Challenger Gwendolyn “Gwen” Henderson appeared headed for victory Tuesday night over embattled incumbent Orlando Gudes, with all precincts and early and vote-by-mail votes counted.
Henderson, a long-time educator, had just over 50% of the vote, the threshold needed to avoid a runoff. Gudes had just under 49%.
Gudes, a former police officer who was first elected in 2019, came under fire from sources, including Mayor Jane Castor, after an investigation found he created a hostile work environment for an aide.
Henderson, a Jefferson High School department head, is that aide’s sister, though she said that’s not why she got into the race.
Should nothing change with the counting of any provisional ballots, Henderson’s margin of victory would be more than the half-percent that would trigger an automatic recount. A write-in candidate had less than 1% of the vote.
Gudes ended his term under the cloud of a city investigation that found he’d harassed his former aide and made derogatory comments about others, including Castor. Castor said she would have removed him from his seat if she could.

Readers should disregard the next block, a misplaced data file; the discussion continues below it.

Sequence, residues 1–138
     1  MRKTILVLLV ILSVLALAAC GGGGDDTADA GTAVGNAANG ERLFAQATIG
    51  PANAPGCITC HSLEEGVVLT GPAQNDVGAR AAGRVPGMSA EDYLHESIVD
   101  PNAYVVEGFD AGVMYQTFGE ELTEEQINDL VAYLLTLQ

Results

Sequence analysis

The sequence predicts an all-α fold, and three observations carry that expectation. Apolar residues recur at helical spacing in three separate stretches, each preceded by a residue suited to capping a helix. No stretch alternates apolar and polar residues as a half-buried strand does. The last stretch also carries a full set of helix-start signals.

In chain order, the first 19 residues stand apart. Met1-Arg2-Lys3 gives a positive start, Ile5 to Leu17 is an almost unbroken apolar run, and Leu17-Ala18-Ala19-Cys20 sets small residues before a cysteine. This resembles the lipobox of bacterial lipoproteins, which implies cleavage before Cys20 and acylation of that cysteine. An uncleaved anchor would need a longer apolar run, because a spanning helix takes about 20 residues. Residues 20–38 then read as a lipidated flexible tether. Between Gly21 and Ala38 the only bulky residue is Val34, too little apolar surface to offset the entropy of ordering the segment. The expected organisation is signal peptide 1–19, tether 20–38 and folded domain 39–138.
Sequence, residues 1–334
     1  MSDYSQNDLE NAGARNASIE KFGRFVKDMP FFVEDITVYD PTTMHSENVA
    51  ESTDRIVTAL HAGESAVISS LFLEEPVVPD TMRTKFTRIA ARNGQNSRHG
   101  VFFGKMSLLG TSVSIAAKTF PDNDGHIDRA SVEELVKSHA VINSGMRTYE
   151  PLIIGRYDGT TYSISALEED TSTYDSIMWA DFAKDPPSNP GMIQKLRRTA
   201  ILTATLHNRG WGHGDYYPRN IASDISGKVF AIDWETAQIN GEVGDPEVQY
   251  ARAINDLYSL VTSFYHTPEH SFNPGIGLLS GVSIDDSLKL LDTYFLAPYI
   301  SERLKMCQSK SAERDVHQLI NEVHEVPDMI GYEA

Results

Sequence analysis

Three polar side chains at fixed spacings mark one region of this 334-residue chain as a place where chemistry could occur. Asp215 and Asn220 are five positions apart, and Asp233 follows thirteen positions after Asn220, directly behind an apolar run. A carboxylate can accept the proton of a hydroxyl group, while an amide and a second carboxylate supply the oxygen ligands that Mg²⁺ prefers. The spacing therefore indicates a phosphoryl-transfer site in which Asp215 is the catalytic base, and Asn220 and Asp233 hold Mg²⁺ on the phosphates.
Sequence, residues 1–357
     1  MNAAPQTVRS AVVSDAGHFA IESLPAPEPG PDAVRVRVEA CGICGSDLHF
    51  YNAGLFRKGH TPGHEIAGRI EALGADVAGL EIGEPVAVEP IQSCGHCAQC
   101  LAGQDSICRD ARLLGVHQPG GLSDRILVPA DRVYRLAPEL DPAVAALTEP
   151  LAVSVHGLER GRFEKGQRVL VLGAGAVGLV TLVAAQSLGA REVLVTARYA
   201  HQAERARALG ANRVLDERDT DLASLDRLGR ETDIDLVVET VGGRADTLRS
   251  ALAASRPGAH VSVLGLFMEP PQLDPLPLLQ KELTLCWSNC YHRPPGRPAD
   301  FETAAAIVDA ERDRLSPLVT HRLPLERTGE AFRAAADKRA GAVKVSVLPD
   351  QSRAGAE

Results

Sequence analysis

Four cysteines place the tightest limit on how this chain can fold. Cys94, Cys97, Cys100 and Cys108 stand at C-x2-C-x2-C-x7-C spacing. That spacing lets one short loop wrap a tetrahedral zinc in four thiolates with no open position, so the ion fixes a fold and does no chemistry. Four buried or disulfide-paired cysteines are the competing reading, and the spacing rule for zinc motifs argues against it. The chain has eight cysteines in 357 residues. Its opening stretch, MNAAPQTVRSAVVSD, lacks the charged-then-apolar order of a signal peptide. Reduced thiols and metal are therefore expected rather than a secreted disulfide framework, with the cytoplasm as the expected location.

Gudes and Castor later appeared together at city events, and Castor said she was just doing her job by investigating the complaint against Gudes. But days before Tuesday’s election, Castor endorsed Henderson, continuing a trend and a break from Tampa tradition in the mayor’s throwing support behind challengers who could reshape the City Council.
Henderson said her connection to the Gudes harassment case — which the city settled for $200,000 — had nothing to do with her decision to run for office. She’d been considering it for years, she said recently, “and this time I decided not to talk myself out of it.” She first filed for the citywide District 3 race before switching to her home seat, District 5.
Henderson and Gudes ran on similar issues — the city’s affordability crisis and low wages among them — but it was Henderson, not the ex-cop incumbent, who picked up a coveted endorsement from Tampa’s police union.
Gudes pointed toward his support of the council’s passage of a tenant’s Bill of Rights and said he stood by his ill-fated effort last year to create a rent stabilization program, while Henderson told the Tampa Bay Times editorial board that she’d use her background in career and technical education to help the city build economic opportunities for young residents.
“The citizens of District 5 deserve democracy and deserve a choice, and I got in that race to give them a choice,” Henderson said Tuesday. “And they made it tonight.”